Contact: David Karl


University of Hawaii

Evidence of Bacterial Life Found in Deepest-Yet Antarctic Ice-Core

Analysis of an Antarctic ice core suggests that bacteria may live in a fresh-water subglacial lakeÐan extreme environment that may be
Earth’s closest analog to a frozen moon of Jupiter. Evidence for the microbial life thousands of meters below the ice sheet is presented in
a paper by a team headed by University of Hawai’i Oceanographer David Karl. The paper is one of two on the subject appearing in the
Dec. 10 edition of Science magazine.

“The subglacial lakes of East Antarctica may be among the most isolated ecosystems on Earth and could serve as terrestrial analogues to
guide the design of samplers and experiments for life probe missions to the ice-covered ocean of the Jovian moon Europa,” concludes

Karl and his group are part of an international team of scientists examining the ice below Vostok Station, a Russian scientific outpost in
the Antarctic interior. Lake Vostok is one of nearly 80 subglacial lakes discovered and mapped using airborne radio-echo soundings and
other techniques. Roughly the size of Lake Ontario, Lake Vostok is the largest and deepest of the lakes, whose fresh water is kept liquid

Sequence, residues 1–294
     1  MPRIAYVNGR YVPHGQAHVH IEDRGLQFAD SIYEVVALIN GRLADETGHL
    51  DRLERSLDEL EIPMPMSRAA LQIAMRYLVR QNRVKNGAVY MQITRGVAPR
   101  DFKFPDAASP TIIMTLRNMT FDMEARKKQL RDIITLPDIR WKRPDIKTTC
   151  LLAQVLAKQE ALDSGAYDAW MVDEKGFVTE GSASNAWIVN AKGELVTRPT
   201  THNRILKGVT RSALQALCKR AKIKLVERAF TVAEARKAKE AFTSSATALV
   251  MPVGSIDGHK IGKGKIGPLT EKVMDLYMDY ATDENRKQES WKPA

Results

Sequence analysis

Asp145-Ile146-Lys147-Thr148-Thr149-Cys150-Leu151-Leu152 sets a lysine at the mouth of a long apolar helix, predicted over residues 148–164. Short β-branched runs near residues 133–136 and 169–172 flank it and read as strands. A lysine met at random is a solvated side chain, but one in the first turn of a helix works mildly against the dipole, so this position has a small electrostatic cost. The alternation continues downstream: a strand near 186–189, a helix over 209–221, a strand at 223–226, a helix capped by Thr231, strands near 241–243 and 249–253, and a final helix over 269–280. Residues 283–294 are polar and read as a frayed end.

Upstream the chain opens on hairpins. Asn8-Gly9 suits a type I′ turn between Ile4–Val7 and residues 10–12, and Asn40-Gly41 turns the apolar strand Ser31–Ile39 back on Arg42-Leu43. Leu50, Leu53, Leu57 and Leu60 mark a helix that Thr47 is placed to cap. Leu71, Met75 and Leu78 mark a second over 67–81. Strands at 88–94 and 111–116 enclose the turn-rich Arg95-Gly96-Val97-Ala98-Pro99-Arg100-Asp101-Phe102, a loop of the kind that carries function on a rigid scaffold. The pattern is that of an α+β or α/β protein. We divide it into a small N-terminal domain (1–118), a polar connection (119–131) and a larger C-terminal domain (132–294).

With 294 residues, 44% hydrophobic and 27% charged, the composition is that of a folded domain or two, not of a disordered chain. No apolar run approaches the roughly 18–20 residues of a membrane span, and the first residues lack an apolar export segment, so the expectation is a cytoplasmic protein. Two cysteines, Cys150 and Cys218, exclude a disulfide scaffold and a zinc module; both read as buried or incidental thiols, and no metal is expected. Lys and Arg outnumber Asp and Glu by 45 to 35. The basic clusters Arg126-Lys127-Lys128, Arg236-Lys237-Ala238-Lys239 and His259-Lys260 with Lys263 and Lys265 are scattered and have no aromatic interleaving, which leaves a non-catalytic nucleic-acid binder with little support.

by the pressure of the overlying ice and, perhaps, by geothermal heating.

U.S., French and Russian scientists have studied fragments taken from an ice core drilled 3,600 meters (about 11,700 feet) into the ice
covering the lake. Drilling has been halted roughly 120 meters (393 feet) above where the ice and liquid water meet, to prevent possible
introduction of material that would contaminate the water, while scientists debate how to proceed.

“This lake and others like it, may contain previously undescribed relic populations of microorganisms that are adapted for life in these
presumably oligotrophic (low-nutrient, low-biomass and low-energy flux) habitats,” says Karl.

Karl and colleague John C. Priscu, of Montana State University, have found bacteria within the “accreted” ice, which is believed to have
refrozen from the liquid waters of the lake, suggesting that the lake can support life in an extremely cold environment, cut off from a
ready supply of nutrients and light. Although Priscus’s work indicates the bacteria are biologically similar to other organisms known to
science, scientists “don’t know how ‘lake-like’ this accreted water is” and whether it may contain larger, more diverse populations,
according to Karl.

It may, however, indirectly provide evidence that microbes could thrive in other similarly hostile places in the solar system.

In addition, the Antarctic ice cores provide a continuous climate record stretching back more than 400,000 years. Obtaining sediment
samples from the bottom of Lake Vostok could extend the climate record to cover millions of years.

Both Karl and Priscu receive research funding from the National Science Foundation. Karl’s group includes D. F. Bird, of the
Université du Quebec á Montreal, and K. Björkman, T. Houlihan, R. Shackelford and L. Tupas of the University of Hawai’i at Manoa.